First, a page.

September 10 | Daily Devotion

Lectio Continua: a continuous reading of every verse

Lectio Semi-continua: shorter reading selections from the passages

Lectio Divina

“Better a dry crust with peace and quiet than a house full of feasting, with strife.” ~Proverbs 17:1

OLD TESTAMENT

The sage on “the good life.Sometimes less is more. There are people who have a lot of employees, commitments, money, and headaches and who live miserable lives. The simple life—with a few simple pleasures enjoyed in the company of people you love—can be a very good life. The sage uses classic overstatement to make his point: “Better a dry crust with peace and quiet than a house full of feasting and strife” (Prov. 17:1; see also Prov. 15:17). Grilling hamburgers on the back deck with friends, as you laugh until it hurts, is so much better than a fancy steak dinner at Ruth’s Chris Steakhouse with people who are always fighting! Don’t we know it!

The sage on listening before you speak. How many times do people run their mouths on topics they know little about? The sage calls these people fools because they go on and on and on despite their ignorance. A dearth of information doesn’t seem to deter them! “A fool finds no pleasure in understanding but delights in airing his own opinions” (Prov. 18:2).

Then there are those who look foolish because they talk before they have gathered or considered all the facts. One of my mentors answers questions in the following way with some regularity: “I would need a lot more information before I could give a good response to that!” Of course, he’s the kind of person who never looks like a fool. The sage says, “He who answers before listening—that is his folly and his shame” (Prov. 18:13). You don’t have to be very smart for people to think you are smart; all you have to do is learn to keep your mouth shut! (Prov. 17:28).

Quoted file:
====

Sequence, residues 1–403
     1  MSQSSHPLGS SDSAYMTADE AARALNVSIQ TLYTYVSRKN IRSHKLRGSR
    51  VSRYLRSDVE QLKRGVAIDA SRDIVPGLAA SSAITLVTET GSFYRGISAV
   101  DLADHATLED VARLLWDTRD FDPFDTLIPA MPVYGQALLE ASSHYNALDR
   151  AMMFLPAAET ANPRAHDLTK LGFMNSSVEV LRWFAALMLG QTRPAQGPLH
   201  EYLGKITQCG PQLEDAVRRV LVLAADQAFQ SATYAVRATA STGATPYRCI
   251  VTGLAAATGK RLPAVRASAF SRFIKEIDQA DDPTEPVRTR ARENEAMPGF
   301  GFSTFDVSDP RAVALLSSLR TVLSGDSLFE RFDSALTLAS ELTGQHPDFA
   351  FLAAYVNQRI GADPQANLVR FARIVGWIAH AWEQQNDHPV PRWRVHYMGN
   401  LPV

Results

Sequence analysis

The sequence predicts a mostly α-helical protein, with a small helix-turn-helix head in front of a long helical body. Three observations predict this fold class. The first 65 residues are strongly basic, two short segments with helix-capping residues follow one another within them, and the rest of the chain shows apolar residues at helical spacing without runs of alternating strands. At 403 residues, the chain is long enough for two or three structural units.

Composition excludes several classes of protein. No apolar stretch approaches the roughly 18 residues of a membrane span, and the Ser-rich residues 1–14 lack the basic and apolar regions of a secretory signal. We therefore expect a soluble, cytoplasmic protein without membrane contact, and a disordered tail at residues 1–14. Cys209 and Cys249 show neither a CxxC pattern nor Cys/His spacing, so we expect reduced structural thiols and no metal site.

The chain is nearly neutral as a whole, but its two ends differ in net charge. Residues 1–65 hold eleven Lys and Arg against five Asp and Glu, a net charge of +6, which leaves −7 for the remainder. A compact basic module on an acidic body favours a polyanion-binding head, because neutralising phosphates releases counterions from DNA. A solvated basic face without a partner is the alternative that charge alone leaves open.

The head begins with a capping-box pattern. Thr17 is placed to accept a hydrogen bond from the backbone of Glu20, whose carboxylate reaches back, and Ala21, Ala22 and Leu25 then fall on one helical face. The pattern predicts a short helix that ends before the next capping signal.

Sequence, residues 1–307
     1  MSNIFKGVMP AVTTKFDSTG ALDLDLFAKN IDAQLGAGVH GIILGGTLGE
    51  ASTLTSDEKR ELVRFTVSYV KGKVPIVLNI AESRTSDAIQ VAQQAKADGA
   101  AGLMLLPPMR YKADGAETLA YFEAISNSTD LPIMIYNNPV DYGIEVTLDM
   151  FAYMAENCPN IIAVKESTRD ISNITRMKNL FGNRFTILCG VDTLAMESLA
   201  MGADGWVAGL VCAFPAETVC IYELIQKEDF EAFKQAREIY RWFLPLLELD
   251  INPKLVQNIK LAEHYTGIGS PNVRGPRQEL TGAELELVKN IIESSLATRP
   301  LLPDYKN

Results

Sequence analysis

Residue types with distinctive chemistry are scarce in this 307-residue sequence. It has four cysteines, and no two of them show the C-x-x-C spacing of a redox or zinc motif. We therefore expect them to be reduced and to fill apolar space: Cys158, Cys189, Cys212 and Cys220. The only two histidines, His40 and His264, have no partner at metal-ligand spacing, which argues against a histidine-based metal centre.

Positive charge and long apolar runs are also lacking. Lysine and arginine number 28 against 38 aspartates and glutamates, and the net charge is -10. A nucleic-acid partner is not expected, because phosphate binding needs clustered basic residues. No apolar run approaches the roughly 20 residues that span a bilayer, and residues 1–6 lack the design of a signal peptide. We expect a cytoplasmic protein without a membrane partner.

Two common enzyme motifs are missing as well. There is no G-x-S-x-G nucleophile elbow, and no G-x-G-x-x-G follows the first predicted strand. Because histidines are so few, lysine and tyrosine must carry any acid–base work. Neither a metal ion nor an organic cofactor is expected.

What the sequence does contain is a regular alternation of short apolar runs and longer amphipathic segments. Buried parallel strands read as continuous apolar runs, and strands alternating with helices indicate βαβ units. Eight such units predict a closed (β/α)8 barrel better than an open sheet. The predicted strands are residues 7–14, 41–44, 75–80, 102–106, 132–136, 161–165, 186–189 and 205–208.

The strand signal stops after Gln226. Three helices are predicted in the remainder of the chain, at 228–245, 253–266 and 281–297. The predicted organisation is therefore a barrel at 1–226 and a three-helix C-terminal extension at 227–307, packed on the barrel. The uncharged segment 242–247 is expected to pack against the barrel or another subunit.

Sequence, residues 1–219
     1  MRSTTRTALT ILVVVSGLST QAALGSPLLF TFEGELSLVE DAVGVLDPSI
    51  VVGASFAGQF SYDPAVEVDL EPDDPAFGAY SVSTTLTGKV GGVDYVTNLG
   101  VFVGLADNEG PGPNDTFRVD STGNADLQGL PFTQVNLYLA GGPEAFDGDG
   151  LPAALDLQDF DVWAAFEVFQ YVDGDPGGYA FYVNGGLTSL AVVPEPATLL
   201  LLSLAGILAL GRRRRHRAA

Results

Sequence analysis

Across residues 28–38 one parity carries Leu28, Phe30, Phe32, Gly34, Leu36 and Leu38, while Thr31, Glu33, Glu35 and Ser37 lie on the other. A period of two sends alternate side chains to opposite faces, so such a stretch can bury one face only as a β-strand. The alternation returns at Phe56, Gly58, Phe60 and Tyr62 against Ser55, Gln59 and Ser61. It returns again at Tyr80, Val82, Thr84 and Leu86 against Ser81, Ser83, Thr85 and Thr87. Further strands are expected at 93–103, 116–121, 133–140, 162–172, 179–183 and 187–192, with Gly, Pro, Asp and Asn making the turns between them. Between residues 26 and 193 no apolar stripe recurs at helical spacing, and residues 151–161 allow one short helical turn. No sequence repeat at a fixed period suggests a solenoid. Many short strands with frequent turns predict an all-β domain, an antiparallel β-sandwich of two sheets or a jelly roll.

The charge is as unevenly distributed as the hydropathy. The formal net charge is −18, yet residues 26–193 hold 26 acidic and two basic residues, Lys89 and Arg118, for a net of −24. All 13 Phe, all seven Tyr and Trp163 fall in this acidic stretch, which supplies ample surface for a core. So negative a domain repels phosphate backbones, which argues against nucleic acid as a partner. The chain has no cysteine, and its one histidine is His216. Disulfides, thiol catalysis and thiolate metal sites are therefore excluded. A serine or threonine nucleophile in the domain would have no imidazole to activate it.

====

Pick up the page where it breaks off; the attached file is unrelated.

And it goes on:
NEW TESTAMENT

When people have been disciplined (by God) through the faith community and then come to their senses, they need forgiveness and encouragement immediately. People who have messed up big time need their brothers and sisters to come to their assistance. The pressing need for action on the part of the church community is rooted in the possibility that a broken person can be so consumed by grief that he or she might give up on following Christ or even give up on life itself.  “Now instead, you ought to forgive and comfort him, so that he will not be overwhelmed by excessive sorrow” (2 Cor. 2:7).

The Christian community must be a place that lovingly confronts people for choosing to mess up their lives. It must also be a place that forgives and restores those who come to their senses and want to get their lives back together. This sort of open-heart, open-door practice reflects exactly what Jesus would do, and it is exactly what He expects in His church.


Lectio Divina is written by F. Lionel Young III, who serves as the senior pastor of Calvary Church in Valparaiso, Indiana. He is the author of A New Kind of Missionary, a popular introduction to global Christianity.